The continuing rise of lifestyle-related diseases and chronic disorders means that we need to take a fresh look at health and healthcare, and to remember that prevention is better than cure. Fresh fruit and vegetables are full of antioxidants, which may improve your lung health and help avoid asthma attacks. Aim for 5 servings of vegetables and 2 servings of fruit every day. Eating fish often may help with your asthma too. People taking medicine for mental-health problems should not stop taking these medications, no matter how “well” they feel, until they have discussed their situation with their prescribing doctor(s).
Avoid eating a large meal before sleeping to decrease gastroesophageal reflux and weight gain. Get the latest tips on diet, exercise and healthy living. Eat fermentable fibers.Â When we eat, we aren’t just eating for ourselves â€” we are eating for the bacteria in our gut too. In order for the good bacteria to flourish, we need fermentable fiber, which is food for the good gut bacteria.
Also, you should avoid secondhand smoke. It can cause lung cancer in non-smokers and is associated with heart disease and asthma attacks,â€ Prokhorov says. No level of exposure is safe, he warns. This study underscores the difficulty of the obesity problem in the U.S., which persists even as Americans eat more produce and work out more than they used to. There’s obviously work to be done across all four healthy-lifestyle qualifications, but once again, fat proves the toughest nut to crack.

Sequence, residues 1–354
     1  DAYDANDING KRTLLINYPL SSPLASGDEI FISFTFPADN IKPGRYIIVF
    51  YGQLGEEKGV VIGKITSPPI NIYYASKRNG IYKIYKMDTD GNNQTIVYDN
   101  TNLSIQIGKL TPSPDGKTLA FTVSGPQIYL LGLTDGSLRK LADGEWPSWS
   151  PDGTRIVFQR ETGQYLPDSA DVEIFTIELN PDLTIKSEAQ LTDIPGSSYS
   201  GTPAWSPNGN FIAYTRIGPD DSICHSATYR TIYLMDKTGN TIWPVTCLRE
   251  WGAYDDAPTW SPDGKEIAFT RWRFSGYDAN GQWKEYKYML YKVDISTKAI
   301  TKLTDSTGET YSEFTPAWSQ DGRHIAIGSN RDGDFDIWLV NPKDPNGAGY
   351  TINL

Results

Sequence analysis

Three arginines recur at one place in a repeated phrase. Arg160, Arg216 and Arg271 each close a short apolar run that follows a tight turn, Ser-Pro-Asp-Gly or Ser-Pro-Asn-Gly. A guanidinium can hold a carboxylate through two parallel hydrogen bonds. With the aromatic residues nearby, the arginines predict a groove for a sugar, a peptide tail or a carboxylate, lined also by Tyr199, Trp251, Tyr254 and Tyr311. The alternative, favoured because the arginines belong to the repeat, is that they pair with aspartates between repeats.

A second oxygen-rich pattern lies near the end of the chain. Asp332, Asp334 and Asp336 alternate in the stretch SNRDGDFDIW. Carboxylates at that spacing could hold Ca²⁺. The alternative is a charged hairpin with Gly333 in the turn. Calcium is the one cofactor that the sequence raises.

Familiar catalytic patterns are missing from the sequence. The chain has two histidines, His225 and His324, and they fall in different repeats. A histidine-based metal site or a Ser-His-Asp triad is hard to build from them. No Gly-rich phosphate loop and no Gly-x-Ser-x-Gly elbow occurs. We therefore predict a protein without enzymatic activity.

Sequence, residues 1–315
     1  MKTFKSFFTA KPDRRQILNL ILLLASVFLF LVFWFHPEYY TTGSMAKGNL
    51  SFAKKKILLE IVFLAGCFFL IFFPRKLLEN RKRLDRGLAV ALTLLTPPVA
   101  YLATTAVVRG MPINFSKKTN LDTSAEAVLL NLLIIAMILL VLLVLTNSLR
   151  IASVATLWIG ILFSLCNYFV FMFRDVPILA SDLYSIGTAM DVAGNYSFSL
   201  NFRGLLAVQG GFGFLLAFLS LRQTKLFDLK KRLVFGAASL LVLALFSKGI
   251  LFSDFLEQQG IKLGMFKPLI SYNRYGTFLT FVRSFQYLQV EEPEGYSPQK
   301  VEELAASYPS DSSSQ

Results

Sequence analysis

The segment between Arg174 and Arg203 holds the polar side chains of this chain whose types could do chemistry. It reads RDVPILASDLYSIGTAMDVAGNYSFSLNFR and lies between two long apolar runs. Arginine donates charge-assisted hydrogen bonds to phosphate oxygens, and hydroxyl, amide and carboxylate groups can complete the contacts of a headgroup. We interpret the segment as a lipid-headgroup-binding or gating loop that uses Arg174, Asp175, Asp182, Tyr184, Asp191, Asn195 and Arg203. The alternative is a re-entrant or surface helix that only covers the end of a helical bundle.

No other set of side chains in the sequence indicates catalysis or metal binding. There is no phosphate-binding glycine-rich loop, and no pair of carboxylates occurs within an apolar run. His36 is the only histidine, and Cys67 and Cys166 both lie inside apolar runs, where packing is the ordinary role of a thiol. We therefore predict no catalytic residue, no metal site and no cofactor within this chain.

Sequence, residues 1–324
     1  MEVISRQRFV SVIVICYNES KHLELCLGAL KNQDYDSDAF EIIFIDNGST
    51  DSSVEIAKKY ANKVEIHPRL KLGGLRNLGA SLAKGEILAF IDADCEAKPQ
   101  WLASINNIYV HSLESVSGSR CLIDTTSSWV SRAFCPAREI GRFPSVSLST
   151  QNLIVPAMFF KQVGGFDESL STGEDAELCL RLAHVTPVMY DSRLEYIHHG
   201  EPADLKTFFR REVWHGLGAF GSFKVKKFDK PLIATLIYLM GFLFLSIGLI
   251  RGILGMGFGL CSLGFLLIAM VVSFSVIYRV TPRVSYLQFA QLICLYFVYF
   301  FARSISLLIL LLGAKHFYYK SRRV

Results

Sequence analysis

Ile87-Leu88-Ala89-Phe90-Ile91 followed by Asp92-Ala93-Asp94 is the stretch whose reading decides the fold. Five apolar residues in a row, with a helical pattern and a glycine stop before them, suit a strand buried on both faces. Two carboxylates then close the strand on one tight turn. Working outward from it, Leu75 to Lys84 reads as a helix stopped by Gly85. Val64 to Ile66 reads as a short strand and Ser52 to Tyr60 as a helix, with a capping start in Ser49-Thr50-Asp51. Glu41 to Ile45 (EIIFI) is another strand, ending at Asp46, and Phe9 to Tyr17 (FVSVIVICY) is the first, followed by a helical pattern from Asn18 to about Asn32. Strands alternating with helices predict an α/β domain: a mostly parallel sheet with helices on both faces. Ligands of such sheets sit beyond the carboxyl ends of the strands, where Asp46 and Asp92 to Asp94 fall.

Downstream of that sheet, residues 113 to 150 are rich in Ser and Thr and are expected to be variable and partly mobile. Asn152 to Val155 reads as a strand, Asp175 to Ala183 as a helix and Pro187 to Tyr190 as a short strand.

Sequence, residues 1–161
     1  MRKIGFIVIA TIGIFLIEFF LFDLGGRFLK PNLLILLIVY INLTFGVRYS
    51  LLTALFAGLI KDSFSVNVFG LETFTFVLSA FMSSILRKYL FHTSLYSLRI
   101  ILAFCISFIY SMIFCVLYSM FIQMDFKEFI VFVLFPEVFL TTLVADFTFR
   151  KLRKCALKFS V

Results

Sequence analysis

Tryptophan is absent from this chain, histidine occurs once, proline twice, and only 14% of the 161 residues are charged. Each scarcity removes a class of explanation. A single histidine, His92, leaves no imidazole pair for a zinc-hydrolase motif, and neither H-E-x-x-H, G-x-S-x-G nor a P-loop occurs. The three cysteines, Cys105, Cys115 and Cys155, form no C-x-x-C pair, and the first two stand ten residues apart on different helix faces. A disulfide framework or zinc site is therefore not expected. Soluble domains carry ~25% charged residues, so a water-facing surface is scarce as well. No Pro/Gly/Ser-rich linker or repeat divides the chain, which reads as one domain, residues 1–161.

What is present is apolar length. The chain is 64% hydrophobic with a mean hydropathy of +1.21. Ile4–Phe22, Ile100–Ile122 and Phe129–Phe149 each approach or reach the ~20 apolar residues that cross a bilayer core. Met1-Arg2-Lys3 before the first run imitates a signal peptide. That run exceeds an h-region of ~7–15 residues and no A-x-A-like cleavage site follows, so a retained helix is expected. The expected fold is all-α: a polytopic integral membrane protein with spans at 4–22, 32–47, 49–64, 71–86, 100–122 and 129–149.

The idea that what a person eats influences their health no doubt predates any historical accounts that remain today. But, as is often the case for any scientific discipline, the first detailed accounts come from Ancient Greece. Hippocrates, one of the first physicians to claim diseases were natural and not supernatural, observed that many ailments were associated with gluttony; obese Greeks tended to die younger than slim Greeks, that was clear and written down on papyrus.
A good treatment plan is the foundation of a healthy lifestyle. Though it may take time to adjust to medication and therapy, they are your best defenses against symptom recurrence. Everyone has a different physical and emotional makeup, so it often takes time and patience for you and your doctor or mental health professional to find the right treatment strategy for you. It is most important that you communicate your needs to your health care providers and work with them to discover the best possible approach to symptom management. Your loved ones can play an important role in your treatment plan, too. You can help them to help you by making them aware of your medication needs and having them watch for signs of symptom recurrence.